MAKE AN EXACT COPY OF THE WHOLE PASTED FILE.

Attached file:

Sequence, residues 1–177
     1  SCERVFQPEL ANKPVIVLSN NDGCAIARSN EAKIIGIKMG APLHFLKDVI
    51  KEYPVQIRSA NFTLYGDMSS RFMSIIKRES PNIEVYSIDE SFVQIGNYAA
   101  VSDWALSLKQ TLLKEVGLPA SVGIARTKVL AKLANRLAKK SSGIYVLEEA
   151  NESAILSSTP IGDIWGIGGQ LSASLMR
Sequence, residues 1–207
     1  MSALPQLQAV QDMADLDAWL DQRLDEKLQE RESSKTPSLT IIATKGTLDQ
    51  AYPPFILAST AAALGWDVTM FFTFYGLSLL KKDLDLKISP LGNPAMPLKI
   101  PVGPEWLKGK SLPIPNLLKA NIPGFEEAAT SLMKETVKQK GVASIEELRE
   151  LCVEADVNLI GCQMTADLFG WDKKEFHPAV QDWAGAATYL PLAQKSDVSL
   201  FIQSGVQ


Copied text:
Sequence, residues 1–177
     1  SCERVFQPEL ANKPVIVLSN NDGCAIARSN EAKIIGIKMG APLHFLKDVI
    51  KEYPVQIRSA NFTLYGDMSS RFMSIIKRES PNIEVYSIDE SFVQIGNYAA
   101  VSDWALSLKQ TLLKEVGLPA SVGIARTKVL AKLANRLAKK SSGIYVLEEA
   151  NESAILSSTP IGDIWGIGGQ LSASLMR
Sequence, residues 1–207
     1  MSALPQLQAV QDMADLDAWL DQRLDEKLQE RESSKTPSLT IIATKGTLDQ
    51  AYPPFILAST AAALGWDVTM FFTFYGLSLL KKDLDLKISP LGNPAMPLKI
   101  PVGPEWLKGK SLPIPNLLKA NIPGFEEAAT SLMKETVKQK GVASIEELRE
   151  LCVEADVNLI GCQMTADLFG WDKKEFHPAV QDWAGAATYL PLAQKSDVSL
   201  FIQSGVQ